For Friday marked the 11th day since George Floyd, a black man, died after white Minneapolis police officer Derek Chauvin kneeled on his neck for nearly nine straight minutes. The killing has sparked mass unrest, protests and fervent discourse around racial injustice and police brutality across the globe. The world also continues to grapple with the new reality of the COVID-19 pandemic, which shuttered the NBA on March 11, and the rest of the United States (where the virus has killed over 100,000 and counting) soon after.

“I know we’re stuck in unprecedented times where we’re in the house during COVID and then the thing that happened with George Floyd and social injustice,” Young said before fielding questions on the call. “I just want to make sure to let everybody know that I hope everybody is safe and healthy with our families, and make sure we’re holding each and every one of us close and try to get through these tough times…”

Young, 31, is currently bunkered down in his family’s new home in Texas with his wife, Shekinah, and two sons. Parsing through the realities of a racially unjust world with his sons, to hear Young tell is, has been a balancing act.

“When they come up with a question, it’s very hard to answer that question because I don’t want them to have to grow up and fear for their lives or have to grow up and understand that they can’t do the same things that other people are doing,” Young said. “That’s one of the toughest things. You want to give your kid the world. You want to get them to understand that, ‘Hey, you can do whatever you want to do.’ In these times, it’s just not the same. You can’t do everything that somebody else is doing. 

“If I’m going to be specific about it, the black kid can’t do everything that a white kid is doing. Those are things that are very, very tough to talk about. But it’s a harsh reality and we have to talk about them. My kids are still young, six and nine. They understand certain things that are going on, but not entirely everything.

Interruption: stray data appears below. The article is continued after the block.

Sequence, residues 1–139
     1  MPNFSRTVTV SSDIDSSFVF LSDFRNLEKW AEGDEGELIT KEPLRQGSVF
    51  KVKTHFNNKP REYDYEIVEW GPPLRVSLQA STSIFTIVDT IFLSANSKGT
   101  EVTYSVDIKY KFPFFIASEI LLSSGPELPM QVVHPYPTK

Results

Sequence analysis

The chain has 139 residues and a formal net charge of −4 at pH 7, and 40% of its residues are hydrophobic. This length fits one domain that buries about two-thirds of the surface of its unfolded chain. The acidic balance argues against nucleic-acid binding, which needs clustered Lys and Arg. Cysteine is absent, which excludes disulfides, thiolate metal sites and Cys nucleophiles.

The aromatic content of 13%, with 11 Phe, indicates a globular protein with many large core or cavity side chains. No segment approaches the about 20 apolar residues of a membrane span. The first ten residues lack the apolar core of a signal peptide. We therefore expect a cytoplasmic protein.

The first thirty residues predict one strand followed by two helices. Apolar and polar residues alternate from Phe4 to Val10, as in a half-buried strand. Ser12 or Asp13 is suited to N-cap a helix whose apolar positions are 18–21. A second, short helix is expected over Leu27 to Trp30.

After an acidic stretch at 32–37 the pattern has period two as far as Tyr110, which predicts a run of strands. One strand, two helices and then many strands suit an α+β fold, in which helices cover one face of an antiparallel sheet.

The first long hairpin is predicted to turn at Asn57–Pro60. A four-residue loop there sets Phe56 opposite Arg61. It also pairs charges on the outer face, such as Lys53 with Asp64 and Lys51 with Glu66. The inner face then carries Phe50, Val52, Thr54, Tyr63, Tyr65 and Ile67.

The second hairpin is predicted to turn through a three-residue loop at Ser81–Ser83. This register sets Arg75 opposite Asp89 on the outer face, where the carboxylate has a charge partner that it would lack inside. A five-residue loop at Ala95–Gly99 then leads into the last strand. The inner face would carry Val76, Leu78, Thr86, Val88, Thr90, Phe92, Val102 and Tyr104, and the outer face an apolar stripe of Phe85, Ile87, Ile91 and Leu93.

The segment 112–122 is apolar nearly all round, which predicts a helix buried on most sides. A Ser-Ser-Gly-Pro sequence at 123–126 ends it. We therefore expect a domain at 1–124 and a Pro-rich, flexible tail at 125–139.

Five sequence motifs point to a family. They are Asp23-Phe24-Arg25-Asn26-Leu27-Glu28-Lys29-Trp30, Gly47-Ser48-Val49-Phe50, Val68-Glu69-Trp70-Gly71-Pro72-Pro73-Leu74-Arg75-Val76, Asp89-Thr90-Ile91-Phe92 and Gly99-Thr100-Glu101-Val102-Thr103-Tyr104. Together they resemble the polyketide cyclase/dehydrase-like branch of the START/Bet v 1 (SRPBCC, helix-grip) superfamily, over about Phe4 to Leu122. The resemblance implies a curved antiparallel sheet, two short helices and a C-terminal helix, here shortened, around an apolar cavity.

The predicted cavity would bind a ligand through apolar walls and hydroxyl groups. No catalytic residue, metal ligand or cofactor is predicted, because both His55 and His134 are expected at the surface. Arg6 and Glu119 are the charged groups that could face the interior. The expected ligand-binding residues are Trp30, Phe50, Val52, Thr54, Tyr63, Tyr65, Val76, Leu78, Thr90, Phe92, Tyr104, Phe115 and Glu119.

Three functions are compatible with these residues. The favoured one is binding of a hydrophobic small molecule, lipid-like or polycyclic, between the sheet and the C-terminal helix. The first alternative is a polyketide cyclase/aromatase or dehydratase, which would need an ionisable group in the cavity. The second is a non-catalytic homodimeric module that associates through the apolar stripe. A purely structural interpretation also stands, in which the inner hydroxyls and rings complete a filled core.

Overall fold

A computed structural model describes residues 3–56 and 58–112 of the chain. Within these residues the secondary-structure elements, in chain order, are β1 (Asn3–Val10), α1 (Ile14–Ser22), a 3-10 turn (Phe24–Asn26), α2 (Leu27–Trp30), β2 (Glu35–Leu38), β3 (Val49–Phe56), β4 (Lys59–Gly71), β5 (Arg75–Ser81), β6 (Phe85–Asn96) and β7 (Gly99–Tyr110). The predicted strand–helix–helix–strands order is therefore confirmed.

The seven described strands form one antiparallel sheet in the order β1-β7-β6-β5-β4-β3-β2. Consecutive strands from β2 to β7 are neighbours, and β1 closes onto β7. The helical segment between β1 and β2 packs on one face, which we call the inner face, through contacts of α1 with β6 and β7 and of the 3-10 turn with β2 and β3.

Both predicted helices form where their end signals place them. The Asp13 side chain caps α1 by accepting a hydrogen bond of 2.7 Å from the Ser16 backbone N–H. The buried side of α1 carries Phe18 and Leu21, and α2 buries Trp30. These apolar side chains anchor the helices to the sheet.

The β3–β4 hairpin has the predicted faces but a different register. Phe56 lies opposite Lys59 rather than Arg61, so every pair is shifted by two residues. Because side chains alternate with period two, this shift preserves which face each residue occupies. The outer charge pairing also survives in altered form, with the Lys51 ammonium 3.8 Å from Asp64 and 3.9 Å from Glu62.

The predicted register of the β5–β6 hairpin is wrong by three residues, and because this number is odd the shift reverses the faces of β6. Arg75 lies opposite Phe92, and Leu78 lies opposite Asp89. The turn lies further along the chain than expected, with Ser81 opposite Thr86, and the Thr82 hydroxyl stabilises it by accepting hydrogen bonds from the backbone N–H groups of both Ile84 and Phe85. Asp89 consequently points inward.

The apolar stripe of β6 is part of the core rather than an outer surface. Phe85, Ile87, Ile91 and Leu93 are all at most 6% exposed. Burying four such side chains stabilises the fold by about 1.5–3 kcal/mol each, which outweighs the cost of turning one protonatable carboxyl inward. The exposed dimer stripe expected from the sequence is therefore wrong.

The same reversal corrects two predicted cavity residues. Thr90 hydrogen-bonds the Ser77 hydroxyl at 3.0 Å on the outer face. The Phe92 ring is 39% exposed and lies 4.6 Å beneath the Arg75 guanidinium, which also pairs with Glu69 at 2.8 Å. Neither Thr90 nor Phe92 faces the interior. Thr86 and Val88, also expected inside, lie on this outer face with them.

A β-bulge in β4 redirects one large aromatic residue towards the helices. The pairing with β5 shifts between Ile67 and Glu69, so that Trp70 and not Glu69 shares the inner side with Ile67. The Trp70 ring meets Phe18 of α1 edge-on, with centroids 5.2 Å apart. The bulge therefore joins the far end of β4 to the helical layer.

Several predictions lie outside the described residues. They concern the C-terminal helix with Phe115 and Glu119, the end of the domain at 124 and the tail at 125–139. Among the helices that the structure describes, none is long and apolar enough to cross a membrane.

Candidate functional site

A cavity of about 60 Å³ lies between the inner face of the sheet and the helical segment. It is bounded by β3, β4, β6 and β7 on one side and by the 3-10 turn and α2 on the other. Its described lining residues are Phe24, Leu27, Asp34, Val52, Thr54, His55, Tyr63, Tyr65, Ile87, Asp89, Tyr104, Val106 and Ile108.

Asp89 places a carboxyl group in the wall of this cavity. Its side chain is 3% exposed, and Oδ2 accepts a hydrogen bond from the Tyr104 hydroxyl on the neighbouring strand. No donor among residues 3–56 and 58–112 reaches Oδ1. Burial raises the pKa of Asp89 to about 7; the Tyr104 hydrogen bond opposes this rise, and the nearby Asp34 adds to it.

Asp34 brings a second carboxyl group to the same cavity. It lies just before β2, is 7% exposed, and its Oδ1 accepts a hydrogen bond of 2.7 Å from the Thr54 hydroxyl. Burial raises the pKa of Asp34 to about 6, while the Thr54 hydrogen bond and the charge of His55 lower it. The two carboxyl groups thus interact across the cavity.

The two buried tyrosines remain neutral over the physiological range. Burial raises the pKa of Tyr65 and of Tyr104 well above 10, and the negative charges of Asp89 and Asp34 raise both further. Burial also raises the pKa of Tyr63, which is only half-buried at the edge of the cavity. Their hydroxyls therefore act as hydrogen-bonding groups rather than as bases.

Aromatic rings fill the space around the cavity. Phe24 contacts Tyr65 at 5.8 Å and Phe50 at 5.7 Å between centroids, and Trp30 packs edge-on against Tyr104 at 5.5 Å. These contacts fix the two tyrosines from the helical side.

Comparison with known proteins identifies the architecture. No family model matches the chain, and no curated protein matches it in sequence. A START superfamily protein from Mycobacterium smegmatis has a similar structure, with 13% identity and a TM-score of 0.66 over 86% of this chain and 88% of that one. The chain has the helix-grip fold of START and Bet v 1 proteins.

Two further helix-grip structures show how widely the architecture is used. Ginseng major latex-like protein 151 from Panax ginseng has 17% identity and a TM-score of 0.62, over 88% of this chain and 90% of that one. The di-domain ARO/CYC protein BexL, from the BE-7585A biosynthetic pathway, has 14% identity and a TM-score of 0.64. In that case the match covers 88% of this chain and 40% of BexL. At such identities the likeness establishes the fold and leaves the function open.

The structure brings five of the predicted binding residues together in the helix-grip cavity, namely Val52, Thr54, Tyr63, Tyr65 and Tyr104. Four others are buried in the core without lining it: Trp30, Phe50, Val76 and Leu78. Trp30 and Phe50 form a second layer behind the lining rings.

“For me as a father, that’s probably one of the toughest conversations to ever have with your kids. They all have questions because there’s so much stuff on social media and so much stuff on YouTube, which is what all the kids are watching now. When they see a video pop up with different things that happened… My youngest son, he asked the other day, ‘Why did they kill that man, Daddy?’ It’s hard for me to answer that question because you don’t want to push him into the harsh reality of what it is. But you have to answer those tough questions and you have to have those tough conversations with your kids. It’s definitely hard. What happened is definitely saddening for me but it also scares me to death because I have two young boys.”

Sadder still because the direct onus of those difficult conversations falls on black families far more than their white counterparts. It’s a testament to how ingrained racial biases (at best) and racist practices (at worst) still are, even today.

The hope of Young, Zach LaVine, who spoke on an earlier call, and countless others calling and fighting for change, is that a new dawn is on the horizon. Whether substantive change comes to fruition remains to be seen, but Young emphasized that resolution will come through unity.

“It’s so early right now just to see if there’s going to be change. One of the things that I do see is we have some unity coming,” Young said. “We have some people who are getting together. We have these protests. People are coming out and letting their voices be heard. You have a lot of celebrities and very, very influential people who are following suit. The good thing is we have a lot of people who are speaking up for change and speaking up for freedom and peace. 

“We’re bringing more and more people together. One of the biggest things is to continue to do that. Continue to let our voices be heard. Stay together. Stay unified. And also make sure we do what’s right and steer everybody away from doing what’s wrong.”